When gear needs to perform …
I was without a stove for a week and most things was going ok. I made fires to melt snow or ice for water and make the odd warm meal, until the trees totally disappeared. I was considering to push on towards Ulaanbaatar without a stove, but had a huge wakeup call one day when it was so cold that I struggled to use my hands as the feel-temperature dropped to -40*C!
You get certain levels of cold… Coldish, cold, very cold, extremely cold and then when to a point when you realise you have to concentrate otherwise you gonna loose a finger or toe. I had a big scare on my last day before I reached Ulgii in Mongolia, as things spiralled out of control when a strong wind picked up in extreme cold conditions, while I was trying to drink my frozen water and taking a short break after a huge climb.
This is my second adventure winter and is now learning at an enormous pace on how to handle extreme colds. Remember… I’m a South African and our countryman is not really use to extreme cold conditions. A few years back I did not even know what a down jacket was! I have huge cold dreams for the future and now I keep reminding myself… “this is the learning stage, this is the learning stage, this is the learning stage”
Every single piece of equipment I’m using is now being pushed to new levels as nothing really likes when temperatures fall below -20*C. Since I entered Kazakstan in December, there was not one day when I was not working on improving equipment and gear, or doing some kind of repairing work after a hard day on the bicycle. I don’t have a problem if things break that is repairable, but the things that can’t be fix on the road is a problem. You rely on your gear to man up in the tough conditions as the companies say it should be able to handle.
Ok, I’m taking a bit in circles here, but I will get to my point in a bit.
In Kazakhstan I had my first real big breakage which was not fixable and this was one of the most important pieces of gear in the winter… my stove! Until this point I would spend atleast 15min each night and each morning to get to stove to burn properly, but was ok as it would get the job done in the end. I used a MSR XGK™-EX stove. I’ve heard many stories of the MSR pumps of this unit which likes to give problems and now it was my turn. I tried everything to fix it in -28*C weather, which did not work. The temps dropped below -30*C and this was one of the coldest nights on the adventure as I was dehydrated and could not eat the amount of calories I should have. I was close to one of the very few cities I cycled through in Kazakhstan, Semey, and managed to build a temporary alcohol stove to get to Barnaul.
I lost two weeks in Barnaul while waiting for TWO new pumps. One to replace the broke pump and the other for backup. Well, after the long wait, both broke within the first week. Well, the one broke and the other was not working at all. I know had to make drastic decisions as there was not any place to courier new thing on my path and my visa was already running out. I have to admit… I very disappointed with the MSR Pumps!!!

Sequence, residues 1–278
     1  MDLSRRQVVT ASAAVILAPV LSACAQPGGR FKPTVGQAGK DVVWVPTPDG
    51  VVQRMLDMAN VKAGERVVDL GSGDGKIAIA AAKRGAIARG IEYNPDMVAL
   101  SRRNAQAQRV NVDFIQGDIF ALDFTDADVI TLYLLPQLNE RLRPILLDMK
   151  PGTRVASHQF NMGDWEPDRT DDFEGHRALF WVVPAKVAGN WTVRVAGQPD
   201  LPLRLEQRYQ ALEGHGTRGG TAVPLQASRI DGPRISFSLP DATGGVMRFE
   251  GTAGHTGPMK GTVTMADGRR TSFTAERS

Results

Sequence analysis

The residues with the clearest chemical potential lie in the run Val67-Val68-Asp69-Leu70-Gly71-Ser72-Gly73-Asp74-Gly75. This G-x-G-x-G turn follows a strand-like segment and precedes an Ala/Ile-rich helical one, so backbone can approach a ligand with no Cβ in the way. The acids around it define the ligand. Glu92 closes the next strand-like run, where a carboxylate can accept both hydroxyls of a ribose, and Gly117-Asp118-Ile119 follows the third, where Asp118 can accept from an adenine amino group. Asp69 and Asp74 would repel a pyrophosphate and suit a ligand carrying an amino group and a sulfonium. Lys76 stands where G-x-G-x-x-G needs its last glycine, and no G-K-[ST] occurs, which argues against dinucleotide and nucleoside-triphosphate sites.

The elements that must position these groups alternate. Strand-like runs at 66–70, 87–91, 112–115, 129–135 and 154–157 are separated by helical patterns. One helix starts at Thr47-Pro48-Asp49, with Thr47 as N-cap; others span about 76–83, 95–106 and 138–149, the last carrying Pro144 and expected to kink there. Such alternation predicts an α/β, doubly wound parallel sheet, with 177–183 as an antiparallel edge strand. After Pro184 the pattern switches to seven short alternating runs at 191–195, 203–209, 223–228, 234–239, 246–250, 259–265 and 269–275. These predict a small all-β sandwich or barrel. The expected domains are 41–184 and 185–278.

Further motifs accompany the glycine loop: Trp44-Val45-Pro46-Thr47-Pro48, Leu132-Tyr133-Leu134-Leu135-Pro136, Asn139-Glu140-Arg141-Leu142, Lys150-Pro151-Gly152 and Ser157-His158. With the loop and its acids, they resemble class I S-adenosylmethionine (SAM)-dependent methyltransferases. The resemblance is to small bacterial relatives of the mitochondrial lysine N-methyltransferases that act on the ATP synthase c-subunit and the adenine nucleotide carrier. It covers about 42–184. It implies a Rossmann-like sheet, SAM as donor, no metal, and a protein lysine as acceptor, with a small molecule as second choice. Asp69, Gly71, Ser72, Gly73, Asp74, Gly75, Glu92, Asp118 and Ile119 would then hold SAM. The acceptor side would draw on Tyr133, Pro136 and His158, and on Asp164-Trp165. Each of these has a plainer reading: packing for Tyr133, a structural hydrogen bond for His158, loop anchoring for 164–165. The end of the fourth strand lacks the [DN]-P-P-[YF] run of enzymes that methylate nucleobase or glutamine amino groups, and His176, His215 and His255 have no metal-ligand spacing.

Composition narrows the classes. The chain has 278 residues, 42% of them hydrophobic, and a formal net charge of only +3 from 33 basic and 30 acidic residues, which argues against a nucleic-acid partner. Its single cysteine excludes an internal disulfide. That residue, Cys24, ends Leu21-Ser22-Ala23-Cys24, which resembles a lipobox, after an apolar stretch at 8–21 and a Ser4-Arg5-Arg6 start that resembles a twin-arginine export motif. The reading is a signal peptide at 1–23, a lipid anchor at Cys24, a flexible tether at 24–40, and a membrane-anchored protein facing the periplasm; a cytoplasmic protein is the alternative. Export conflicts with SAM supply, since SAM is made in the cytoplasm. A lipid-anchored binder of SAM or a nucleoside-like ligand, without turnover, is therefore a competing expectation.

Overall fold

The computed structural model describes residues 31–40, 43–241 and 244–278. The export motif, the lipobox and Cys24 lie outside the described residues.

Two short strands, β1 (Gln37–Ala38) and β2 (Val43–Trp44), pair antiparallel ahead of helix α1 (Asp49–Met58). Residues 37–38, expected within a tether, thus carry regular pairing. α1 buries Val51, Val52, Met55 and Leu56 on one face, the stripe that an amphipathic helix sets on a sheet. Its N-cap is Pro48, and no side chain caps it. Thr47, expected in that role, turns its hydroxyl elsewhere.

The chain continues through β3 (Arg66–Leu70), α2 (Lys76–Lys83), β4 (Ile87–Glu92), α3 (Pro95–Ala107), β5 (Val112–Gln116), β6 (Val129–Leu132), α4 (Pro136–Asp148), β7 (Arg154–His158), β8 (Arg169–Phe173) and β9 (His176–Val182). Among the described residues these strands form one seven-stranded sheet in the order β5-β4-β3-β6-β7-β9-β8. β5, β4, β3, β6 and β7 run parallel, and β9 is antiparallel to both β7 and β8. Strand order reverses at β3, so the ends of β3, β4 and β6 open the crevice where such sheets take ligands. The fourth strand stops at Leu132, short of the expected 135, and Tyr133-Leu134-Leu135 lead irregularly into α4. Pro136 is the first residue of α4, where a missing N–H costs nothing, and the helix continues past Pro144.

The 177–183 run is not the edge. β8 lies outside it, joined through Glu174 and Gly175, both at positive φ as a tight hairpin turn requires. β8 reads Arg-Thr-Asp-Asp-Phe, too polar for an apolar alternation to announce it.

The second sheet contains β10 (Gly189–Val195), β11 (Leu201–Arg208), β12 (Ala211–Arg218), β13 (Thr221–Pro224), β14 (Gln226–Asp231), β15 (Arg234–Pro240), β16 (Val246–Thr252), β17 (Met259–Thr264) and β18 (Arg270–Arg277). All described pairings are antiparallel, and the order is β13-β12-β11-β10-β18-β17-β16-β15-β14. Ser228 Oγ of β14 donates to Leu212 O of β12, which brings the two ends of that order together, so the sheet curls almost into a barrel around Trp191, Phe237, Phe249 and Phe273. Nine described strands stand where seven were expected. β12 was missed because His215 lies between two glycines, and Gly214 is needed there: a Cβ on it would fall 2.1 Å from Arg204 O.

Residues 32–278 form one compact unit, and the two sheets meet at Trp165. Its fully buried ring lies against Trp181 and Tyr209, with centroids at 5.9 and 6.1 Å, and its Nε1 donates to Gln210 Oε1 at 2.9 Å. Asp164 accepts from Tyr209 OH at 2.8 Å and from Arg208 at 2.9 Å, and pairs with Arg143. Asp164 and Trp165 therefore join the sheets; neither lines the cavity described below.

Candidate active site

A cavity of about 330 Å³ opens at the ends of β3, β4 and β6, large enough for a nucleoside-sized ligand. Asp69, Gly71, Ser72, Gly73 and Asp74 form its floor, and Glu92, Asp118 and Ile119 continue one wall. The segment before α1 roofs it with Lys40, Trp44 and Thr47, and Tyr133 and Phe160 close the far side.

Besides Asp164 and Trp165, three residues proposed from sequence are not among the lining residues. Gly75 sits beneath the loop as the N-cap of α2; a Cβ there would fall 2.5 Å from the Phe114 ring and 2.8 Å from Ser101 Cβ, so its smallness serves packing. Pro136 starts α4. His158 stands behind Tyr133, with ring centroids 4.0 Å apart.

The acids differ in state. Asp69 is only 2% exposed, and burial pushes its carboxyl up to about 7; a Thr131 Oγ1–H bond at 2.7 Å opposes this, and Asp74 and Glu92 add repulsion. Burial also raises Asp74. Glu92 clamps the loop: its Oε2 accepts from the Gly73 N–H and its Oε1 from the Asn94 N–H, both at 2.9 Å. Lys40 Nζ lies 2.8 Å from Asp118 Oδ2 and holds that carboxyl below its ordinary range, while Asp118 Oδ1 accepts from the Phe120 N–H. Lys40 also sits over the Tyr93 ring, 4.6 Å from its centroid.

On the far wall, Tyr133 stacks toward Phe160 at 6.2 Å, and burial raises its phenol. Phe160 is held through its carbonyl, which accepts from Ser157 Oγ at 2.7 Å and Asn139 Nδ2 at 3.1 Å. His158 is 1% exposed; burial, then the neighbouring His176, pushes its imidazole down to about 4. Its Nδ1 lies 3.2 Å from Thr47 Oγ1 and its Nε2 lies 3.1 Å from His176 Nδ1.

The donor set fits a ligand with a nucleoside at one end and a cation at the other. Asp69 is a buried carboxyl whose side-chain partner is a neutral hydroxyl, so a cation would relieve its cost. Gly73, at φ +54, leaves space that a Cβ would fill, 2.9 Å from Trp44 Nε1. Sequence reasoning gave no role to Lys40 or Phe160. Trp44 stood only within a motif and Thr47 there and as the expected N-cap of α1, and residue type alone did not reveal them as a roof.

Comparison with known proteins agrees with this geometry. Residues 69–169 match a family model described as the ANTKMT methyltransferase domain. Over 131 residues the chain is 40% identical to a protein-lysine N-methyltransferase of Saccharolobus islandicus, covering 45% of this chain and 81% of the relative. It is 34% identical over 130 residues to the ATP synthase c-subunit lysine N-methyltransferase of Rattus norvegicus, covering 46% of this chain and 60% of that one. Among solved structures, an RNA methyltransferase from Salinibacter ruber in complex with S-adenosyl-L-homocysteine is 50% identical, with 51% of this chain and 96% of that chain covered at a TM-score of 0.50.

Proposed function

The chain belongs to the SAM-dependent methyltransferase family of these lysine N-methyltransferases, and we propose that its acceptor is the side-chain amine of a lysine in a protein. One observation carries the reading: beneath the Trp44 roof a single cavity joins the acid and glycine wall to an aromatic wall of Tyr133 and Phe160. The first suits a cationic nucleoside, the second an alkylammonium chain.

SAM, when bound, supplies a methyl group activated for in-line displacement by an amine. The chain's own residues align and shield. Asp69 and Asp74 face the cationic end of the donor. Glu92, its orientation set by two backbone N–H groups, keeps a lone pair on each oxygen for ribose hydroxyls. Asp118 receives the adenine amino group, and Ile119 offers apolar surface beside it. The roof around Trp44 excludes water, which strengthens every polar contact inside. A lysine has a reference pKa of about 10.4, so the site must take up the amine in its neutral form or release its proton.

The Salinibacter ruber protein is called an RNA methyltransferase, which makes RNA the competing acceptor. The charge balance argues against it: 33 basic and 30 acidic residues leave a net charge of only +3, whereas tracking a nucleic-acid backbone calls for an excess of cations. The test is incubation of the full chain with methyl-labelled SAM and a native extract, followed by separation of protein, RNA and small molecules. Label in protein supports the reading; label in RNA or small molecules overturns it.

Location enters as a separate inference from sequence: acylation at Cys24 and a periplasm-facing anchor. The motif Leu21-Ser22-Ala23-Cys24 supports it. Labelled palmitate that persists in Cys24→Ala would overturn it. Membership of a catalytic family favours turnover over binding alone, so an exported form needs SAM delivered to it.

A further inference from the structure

I’m not the most patient person in the world and to keep losing time because of gear failure is extremely frustrating! I’m here to take on the colds… not to sit in hostels and wait weeks for gear thats not performing.
In Siberia I still managed, as there was plenty of snow, rivers and trees. I made fires at night to melt some snow for drinking water and to be able to heat some of the food I carried. But my fire luxury soon ended as I cycled out of the Altai Mountains, where the terrain was treeless and no snow lying around. I was now faced with the next challenge of getting water without having any source of heat to melt snow, river or any ice next to the road.
The next few days I pushed on and I have to say I learned alot from the first time my stove broke. The food I ate really made me feel physically strong, but now I was faced with water problems. I was consuming less than half the amount of water I usually do. Eating as much calories as you can and staying hydrated is the two most important thing in the winter. The first few days without a stove, I considered and was at the point of just trying to make it to Ulaanbaatar, without my stove and get my new ones there. But as the days went on I was strongly doubting my original decision. I had the gut feeling that this is not the correct decision… and I have learned to always trust my gut feeling! Your gut feeling is normally right!
When I arrived in Tsagaannuur I adjusted my route once again, now heading south towards Ulgii, where I planned to take two days off and make plans with a stove or a temp solution. The one thing to remember is that this is MONGOLIA… you dont get many options even in big town or small cities. Ulaanbaatar is basically the only place where you can get some options.
When arrving in Ulgii I took things slowly and recapped on what I’m doing now. Again realising that I’m here to learn and test my equipment. I have to build confidence in all the products I use for future expeditions…. see what work and what doesn’t. DHL can courier my new equipment to Ulaanbaatar, but I have to pick it up there. After considering many options, I finally decided to take a 48hour bus drive to Ulaanbaatar, pick up my new stoves and head back on the bus to Ulgii. Mongolia is already very remote and without a stove is a stupid move.
I’m yet again loosing at-least a week, but I know for sure that I will be happy with my decision in the long run… and when I’ll be able to melt water and make food 🙂 Time to test another stove during this winter season!
Cheers for now…